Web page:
You don't have to be a marine expert to notice sharks have been getting a bad rep lately. But Deep Blue, the great white from Guadeloupe making the rounds on social media, is reportedly the largest white caught on camera and presents a symbol of hope in a world where 100 million sharks are killed per year by humans.
Deep Blue (The biggest shark ever filmed) second part
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Posted by Mauricio Hoyos Padilla on Monday, 10 August 2015
"A shark of that size is at least 50-years-old and that tells me protection and conservation efforts are really working," explains Mauricio Hoyos Padilla who filmed the footage while working with Pelagios-Kakunjá in Guadeloupe. "Deep Blue has been spared from long lines and the inherent dangers of being in the wild, and somehow she has found her way in the vast ocean."
But Mauricio's discovery is not without trepidation. "This amazingly enormous female is carrying several little baby white sharks, just waiting to be swimming free in the Ocean," he continues. "When white sharks are about to give birth, they get close to the shore and deliver their pups in shallow areas, known as nursery grounds, which are full of food and free of predators. Unfortunately, these areas are close to shore and are very vulnerable to several human threats."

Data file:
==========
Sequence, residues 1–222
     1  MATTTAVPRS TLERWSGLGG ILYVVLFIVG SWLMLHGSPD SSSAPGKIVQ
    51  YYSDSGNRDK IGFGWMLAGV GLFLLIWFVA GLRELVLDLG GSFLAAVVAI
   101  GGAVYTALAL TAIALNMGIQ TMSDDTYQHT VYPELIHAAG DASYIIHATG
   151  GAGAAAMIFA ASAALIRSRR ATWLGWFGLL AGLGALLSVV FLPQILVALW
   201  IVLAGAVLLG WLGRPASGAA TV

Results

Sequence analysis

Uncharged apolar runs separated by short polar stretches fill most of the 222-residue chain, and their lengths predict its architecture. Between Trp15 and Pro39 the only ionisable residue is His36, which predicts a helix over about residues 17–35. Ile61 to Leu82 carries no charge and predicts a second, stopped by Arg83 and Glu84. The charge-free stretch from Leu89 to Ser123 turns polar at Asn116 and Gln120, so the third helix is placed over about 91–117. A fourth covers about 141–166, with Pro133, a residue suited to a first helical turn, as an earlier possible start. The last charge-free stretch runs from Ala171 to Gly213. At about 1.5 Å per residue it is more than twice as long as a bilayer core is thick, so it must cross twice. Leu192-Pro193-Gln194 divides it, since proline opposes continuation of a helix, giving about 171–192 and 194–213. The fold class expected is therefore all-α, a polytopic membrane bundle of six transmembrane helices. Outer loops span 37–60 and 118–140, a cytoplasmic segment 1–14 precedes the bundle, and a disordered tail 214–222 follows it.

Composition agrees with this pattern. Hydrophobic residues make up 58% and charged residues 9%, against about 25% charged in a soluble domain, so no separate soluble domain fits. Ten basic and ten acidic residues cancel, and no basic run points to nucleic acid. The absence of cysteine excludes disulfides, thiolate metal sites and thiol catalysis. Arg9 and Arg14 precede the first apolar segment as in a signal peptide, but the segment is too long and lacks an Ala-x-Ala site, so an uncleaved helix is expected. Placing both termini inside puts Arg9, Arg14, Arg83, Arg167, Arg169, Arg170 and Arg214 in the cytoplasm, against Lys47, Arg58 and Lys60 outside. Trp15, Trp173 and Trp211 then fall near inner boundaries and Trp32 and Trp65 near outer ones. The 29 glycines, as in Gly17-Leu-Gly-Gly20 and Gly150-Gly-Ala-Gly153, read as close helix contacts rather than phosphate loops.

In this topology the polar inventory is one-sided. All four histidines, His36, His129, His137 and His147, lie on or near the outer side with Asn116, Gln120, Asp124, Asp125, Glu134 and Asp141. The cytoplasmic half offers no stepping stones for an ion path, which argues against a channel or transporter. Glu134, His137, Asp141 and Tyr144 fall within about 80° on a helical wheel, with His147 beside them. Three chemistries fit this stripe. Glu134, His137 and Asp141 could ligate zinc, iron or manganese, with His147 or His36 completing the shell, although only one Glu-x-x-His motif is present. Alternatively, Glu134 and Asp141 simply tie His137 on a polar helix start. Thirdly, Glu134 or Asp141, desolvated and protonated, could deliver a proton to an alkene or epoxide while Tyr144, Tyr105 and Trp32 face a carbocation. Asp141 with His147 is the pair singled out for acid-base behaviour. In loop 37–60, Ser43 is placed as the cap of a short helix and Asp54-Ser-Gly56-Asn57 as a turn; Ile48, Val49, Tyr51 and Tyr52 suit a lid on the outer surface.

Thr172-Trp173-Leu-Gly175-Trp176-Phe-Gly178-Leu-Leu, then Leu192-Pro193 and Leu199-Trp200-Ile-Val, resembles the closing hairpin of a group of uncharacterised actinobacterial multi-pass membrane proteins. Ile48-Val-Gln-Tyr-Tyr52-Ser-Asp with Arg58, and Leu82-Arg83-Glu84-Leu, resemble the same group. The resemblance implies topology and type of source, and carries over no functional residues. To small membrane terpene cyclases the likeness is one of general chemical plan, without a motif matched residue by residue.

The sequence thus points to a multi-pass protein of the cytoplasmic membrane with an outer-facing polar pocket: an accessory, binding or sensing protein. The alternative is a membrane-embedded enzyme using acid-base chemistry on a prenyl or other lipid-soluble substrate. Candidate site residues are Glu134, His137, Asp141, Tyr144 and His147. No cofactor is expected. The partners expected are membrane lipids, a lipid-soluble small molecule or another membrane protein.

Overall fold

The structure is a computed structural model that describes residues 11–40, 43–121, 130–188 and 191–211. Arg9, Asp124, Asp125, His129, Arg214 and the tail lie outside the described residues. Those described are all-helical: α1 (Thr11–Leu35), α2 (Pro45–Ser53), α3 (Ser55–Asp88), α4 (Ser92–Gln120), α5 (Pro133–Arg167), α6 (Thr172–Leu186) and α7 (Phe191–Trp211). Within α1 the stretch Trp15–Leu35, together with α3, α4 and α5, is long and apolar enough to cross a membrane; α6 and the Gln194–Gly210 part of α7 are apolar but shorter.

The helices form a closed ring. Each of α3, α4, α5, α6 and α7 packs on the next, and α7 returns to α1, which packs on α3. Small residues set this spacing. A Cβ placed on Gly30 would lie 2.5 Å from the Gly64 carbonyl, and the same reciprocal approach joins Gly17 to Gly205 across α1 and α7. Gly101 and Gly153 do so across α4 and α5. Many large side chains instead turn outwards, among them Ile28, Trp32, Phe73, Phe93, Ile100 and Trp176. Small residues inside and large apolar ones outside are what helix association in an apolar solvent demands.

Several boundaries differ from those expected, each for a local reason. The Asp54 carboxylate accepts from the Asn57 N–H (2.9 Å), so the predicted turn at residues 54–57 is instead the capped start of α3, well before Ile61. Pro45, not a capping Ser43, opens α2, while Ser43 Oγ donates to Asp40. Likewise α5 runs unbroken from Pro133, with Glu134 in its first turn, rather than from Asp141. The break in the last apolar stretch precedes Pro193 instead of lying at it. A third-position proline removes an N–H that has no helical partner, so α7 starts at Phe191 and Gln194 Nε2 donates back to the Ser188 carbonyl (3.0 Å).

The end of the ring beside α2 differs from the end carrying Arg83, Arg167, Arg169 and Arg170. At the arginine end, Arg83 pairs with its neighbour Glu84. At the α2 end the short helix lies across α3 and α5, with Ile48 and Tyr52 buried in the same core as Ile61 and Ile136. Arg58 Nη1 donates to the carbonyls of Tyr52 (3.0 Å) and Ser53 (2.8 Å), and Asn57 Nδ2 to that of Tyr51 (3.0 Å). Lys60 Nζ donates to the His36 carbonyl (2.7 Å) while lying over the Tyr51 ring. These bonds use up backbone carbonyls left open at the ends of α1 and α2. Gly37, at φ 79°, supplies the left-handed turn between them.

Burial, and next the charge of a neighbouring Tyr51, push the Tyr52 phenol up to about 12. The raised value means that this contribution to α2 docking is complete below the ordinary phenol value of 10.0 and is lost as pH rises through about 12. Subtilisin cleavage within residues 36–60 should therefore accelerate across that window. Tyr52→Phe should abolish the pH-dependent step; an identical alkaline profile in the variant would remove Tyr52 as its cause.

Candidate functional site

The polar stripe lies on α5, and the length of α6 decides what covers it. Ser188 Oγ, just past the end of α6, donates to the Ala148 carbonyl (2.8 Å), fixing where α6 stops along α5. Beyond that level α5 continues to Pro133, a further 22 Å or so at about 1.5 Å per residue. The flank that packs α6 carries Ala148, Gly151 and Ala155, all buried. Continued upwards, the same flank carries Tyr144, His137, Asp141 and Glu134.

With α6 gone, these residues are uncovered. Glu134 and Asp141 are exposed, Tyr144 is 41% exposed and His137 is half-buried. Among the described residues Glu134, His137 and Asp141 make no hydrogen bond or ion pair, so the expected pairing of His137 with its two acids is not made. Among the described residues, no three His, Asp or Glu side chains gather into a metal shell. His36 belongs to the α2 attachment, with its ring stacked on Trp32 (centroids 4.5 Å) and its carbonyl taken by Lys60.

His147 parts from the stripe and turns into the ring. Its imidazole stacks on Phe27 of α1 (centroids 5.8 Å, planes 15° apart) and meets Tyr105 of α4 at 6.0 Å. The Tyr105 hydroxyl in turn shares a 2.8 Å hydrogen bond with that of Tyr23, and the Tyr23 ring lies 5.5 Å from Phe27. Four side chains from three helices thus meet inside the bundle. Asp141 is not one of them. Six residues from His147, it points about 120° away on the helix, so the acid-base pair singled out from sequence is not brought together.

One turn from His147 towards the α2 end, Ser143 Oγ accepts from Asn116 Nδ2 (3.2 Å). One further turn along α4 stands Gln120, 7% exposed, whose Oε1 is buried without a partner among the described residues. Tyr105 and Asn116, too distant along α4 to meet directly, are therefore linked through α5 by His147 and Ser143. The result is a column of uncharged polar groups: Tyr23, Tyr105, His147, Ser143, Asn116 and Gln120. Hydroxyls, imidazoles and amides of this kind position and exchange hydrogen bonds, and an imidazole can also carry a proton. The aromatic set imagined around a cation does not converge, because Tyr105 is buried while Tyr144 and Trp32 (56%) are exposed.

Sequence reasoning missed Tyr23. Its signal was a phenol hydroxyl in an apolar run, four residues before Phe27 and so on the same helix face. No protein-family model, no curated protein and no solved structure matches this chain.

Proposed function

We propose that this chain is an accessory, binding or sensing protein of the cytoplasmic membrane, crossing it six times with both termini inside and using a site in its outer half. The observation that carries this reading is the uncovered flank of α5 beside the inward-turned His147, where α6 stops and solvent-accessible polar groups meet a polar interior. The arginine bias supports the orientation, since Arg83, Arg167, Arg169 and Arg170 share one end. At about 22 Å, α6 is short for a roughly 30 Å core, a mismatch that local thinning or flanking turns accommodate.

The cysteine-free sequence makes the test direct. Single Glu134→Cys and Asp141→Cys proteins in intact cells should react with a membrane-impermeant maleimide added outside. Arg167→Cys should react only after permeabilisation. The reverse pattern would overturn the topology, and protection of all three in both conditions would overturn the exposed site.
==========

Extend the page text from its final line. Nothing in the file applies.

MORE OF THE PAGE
Meanwhile in Australia
The Australian Daily Telegraph recently published an article titled When sharks are eating people, it’s time to cull, scaremongering at its most farcical. Describing sharks as, "Human cullers. Leg maulers. Life destroyers." A sentiment jarringly at odds with the consensus of environmentalists.
Putting shark hysteria into context, 20 to 40 people are killed annually from box jellyfish stings in the Philippines alone. But reportedly, about 200 surfers from beaches around Byron Bay, held a meeting on Monday night in which 95 per cent supported a limited cull focussing on great white sharks which have been regularly spotted in the area.
"Surfers are more environmentally aware than most,” Don Munro, who organised the meeting, told Fairfax Media. “We live in the water, we have an appreciation that we're in their domain but now it's just gone crazy and no one really knows why. The thing is, what price do we put on a [human] life?"
Although the future of shark protection on Australia's East Coast seems uncertain, we're pleased to see a large white shark belie the myth of a blood-thirsty predator intent on hunting humans.